Friday, 22 April 2016

How Justice Fails

At the university apparently still called Rhodes over the last week, there have been some disturbing events. A group of students published a list of 11 names of alleged rapists, and attempted to ferret them out of university residences. Protesters also invaded lectures and barricaded streets.

When vigilante justice arises, it is usually a consequence of the failure of regular justice. So you need to track back to the point of failure to stop it from happening.

Rape is notoriously hard to prosecute; this is true also in South Africa despite progressive legislation.

Where does this leave the victim, who is in a weak position versus the perpetrator? Do you report it to the police, undergo an invasive investigation, then find the perpetrator not only walks free but is able to threaten you?

Whether it is rape, sexual harassment or abuse of a position of power, there is an enormous amount of hypocrisy in our society. Remember Bill Clinton? His behaviour was at very least abuse of power, expecting sexual favours from people who looked up to him as president. And this was dismissed at the time as a right wing plot to discredit him (spot the irony: it was Clinton who pushed the Democrats well to the right of centre).

Then there is the mysterious case of IMF chief Dominique Strauss-Kahn whose rape case was not prosecuted, yet the alleged victim was given a massive out of court settlement. This too was alleged to be a “political conspiracy”. Rape is not a civil matter; in the not too distant past, in this country and in many others it attracted the death penalty. Who ever heard of an out of court settlement for a serious crime?

To South Africa: in 2006, then-deputy president Jacob Zuma was tried for rape. The case has all the hallmarks of a person of power crushing a vulnerable accuser. Even if he was not guilty of rape (as claimed by the judge), he was at very least seriously abusing his position and his attitudes to women were revealed to be deeply problematic.

So what did those at the progressive end of politics, the natural home of feminism, do? They rallied around him. Every formation of the ANC including the Women’s League and Youth League supported him, as did the Communist Party. Cosatu’s support was the weakest, with a statement that the law must take its course, but even they did not break with him once his attitudes were a matter of public record and joined the rest of the alliance in welcoming his acquittal. Cosatu General Secretary Zwelinzima Vavi was also accused of rape in 2013, a charge that was reduced to sexual harassment, But what was most bizarre about this was how Cosatu claimed they were considering pursuing a rape charge against him. Excuse me? Aren’t criminal charges a police matter? Why is the organization involved in any way?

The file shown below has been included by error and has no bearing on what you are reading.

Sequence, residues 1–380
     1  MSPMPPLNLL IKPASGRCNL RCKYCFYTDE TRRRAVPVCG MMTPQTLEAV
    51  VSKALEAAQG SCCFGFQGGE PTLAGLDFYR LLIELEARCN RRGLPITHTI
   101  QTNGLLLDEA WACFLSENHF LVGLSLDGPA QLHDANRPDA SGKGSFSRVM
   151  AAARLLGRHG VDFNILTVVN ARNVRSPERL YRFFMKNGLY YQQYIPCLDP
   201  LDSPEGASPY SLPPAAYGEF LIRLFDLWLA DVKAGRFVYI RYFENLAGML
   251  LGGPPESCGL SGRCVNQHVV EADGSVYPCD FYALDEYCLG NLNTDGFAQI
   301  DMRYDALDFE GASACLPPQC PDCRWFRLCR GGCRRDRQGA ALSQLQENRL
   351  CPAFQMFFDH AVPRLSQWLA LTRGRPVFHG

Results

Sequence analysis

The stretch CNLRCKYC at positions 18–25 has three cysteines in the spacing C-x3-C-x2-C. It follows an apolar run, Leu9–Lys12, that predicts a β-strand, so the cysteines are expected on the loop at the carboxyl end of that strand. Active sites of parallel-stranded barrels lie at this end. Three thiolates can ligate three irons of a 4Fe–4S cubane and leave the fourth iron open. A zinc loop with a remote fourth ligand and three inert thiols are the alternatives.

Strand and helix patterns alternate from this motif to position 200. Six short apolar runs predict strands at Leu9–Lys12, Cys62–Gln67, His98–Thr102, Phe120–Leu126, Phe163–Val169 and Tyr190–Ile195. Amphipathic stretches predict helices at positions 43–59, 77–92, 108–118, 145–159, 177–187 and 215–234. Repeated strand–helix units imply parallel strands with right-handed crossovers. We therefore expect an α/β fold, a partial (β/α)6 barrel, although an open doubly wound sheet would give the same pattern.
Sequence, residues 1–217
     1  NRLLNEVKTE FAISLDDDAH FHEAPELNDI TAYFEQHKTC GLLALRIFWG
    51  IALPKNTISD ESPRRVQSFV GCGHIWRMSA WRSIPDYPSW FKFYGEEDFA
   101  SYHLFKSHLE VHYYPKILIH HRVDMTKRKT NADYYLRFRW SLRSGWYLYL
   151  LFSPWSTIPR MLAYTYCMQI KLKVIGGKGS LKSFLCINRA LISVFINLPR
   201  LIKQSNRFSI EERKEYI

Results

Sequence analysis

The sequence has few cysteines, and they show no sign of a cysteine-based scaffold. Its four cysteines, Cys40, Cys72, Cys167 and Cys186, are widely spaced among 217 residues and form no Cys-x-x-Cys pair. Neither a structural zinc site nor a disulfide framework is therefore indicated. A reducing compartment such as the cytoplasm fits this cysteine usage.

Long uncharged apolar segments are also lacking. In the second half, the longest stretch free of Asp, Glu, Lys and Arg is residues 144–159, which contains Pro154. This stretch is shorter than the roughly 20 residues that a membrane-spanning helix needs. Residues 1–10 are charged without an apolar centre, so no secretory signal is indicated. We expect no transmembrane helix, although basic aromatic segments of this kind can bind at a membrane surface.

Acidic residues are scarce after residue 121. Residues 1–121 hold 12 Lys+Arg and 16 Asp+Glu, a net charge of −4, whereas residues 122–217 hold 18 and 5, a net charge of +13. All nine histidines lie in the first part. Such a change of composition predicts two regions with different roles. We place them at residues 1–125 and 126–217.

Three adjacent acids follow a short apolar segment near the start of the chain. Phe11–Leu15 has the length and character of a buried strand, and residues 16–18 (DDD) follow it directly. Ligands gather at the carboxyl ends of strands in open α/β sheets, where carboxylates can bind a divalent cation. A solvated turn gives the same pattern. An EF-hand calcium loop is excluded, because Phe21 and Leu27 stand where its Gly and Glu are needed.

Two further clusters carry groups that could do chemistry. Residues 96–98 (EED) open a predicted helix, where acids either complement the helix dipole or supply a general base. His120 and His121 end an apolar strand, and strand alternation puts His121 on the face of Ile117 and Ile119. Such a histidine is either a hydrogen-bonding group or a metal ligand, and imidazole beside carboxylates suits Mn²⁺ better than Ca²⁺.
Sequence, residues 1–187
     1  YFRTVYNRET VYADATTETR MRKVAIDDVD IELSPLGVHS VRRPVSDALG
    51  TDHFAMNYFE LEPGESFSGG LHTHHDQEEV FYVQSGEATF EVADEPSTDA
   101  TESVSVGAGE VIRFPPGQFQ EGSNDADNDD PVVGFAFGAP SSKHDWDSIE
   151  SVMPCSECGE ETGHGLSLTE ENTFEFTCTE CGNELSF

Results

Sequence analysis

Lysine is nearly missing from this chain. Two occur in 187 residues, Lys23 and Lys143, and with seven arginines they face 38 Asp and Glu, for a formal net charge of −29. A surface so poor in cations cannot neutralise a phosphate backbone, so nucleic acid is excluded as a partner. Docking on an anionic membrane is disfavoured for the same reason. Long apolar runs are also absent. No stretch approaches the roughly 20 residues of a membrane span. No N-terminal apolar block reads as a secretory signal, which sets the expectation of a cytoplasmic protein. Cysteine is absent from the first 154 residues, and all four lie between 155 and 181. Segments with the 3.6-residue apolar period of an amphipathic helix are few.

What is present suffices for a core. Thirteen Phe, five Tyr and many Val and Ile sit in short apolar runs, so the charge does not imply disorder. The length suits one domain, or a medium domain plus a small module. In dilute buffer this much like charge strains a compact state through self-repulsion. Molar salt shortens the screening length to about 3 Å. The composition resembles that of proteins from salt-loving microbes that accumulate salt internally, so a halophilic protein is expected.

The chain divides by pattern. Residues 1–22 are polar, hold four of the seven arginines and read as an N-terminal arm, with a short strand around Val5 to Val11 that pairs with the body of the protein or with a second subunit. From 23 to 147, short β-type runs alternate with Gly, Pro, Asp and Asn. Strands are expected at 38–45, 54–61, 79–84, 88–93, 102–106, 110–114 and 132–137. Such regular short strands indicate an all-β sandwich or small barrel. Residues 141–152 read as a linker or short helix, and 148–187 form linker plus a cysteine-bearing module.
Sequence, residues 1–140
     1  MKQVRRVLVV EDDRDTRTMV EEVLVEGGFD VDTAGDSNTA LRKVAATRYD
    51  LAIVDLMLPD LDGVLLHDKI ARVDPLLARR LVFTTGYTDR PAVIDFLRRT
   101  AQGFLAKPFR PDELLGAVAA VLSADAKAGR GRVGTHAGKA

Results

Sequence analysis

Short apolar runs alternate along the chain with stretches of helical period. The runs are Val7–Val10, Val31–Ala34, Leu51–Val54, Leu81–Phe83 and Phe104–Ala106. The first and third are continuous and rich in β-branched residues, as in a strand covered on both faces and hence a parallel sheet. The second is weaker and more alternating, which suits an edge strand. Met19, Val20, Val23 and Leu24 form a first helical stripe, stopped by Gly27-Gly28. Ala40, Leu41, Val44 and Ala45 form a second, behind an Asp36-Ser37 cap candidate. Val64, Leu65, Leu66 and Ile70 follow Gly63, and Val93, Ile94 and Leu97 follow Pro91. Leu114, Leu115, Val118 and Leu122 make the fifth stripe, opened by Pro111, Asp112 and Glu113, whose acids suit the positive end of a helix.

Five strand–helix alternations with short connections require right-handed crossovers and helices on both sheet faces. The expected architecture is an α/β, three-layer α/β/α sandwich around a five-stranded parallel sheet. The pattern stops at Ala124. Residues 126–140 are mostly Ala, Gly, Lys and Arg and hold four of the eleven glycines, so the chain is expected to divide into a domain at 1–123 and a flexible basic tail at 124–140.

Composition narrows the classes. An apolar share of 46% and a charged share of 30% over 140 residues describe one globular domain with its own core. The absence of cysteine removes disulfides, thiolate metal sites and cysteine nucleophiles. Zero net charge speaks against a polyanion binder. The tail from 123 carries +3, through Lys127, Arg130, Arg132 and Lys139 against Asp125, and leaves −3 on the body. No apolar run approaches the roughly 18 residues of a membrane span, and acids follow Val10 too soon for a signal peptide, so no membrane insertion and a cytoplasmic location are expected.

Once again, a rape or sexual harassment charge is framed as a political vendetta rather than something that must be dealt with in the strongest terms as a matter of course.

We cannot excuse EFF leader Julius Malema from this malaise; when he took control of the ANC Youth League 2 years after the Zuma trial, he backed the Zuma version of events.

With this sort of thing happening at the apex of progressive politics in South Africa, why is anyone surprised that there is a rape culture amidst a general culture of patriarchy? Where is the leadership? Answer: at the core of the problem.

Back home, a student today told me that one of the 11 on the notorious list was well known for his predatory attitudes by his fellow residence inmates. Why did they not call him to account? If you know someone is like this and say nothing (or worse, encourage this behaviour), you are complicit.

So what is to be done?

The real problem is that post-apartheid, we did not reconfigure civil society and interpersonal relationships to fit a new progressive democratic order. We have a great constitution, generally good laws and excellent public institutions – on paper. But these things do not work the way they are designed.

What is really needed is a new social compact, and one that is built from the ground up, not top down. One that is based on a new discovery of each other, that each person is entitled to self-worth and being treated as of equal value by all, that no one should be denied their dignity and that we do not build ourselves by tearing others down.

Ultimately we must change the apex power structure – but it will not help to replace those at the top with others who found their way there by the same logic. A grassroots campaign to establish the new normal – that predatory behaviour is not acceptable, that you do not define a person by their availability for sex, that everyone is entitled to physical and emotional integrity will make it impossible for those at the top to behave like self-serving jerks because they will be out of step with the rest of society.

We can start today. Whenever we hear someone talking up predatory behaviour, making light of rape, belittling someone else – or generally behaving as if any of this sort of behaviour is acceptable – call them to account. “Normal” is established as much by peer pressure as anything else. We can do it.

We can define the new normal.